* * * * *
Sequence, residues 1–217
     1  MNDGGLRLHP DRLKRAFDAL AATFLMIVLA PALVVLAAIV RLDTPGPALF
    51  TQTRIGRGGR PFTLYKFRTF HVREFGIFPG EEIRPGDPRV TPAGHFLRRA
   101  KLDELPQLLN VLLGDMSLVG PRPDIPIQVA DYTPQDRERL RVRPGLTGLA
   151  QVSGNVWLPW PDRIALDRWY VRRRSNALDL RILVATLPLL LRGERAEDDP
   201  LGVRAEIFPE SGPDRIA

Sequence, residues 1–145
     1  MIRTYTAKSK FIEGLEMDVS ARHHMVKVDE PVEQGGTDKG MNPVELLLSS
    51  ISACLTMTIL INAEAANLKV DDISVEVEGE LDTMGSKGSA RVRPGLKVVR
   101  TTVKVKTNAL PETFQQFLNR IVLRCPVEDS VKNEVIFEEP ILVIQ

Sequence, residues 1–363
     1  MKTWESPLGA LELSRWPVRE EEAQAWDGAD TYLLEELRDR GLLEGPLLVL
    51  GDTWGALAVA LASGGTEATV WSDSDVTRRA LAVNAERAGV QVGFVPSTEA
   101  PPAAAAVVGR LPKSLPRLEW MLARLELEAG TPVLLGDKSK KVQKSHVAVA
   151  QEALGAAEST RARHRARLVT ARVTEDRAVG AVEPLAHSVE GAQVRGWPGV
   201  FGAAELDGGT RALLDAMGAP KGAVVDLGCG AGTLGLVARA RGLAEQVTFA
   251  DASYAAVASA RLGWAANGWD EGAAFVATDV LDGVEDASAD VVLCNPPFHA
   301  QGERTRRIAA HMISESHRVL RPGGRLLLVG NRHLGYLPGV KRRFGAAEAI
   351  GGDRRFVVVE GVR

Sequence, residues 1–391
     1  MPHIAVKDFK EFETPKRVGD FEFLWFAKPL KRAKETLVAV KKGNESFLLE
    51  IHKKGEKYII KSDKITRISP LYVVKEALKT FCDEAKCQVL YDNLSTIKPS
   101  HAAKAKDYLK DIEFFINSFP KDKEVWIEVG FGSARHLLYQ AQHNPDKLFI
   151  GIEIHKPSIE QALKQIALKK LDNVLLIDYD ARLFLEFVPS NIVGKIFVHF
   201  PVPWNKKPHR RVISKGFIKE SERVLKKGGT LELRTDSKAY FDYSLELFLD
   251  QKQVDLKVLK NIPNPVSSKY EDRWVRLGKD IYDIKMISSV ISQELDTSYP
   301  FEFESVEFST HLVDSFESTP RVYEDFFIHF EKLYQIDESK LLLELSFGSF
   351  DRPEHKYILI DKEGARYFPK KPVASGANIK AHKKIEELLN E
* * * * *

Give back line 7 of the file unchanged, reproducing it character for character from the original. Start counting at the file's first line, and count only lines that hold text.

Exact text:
Sequence, residues 1–145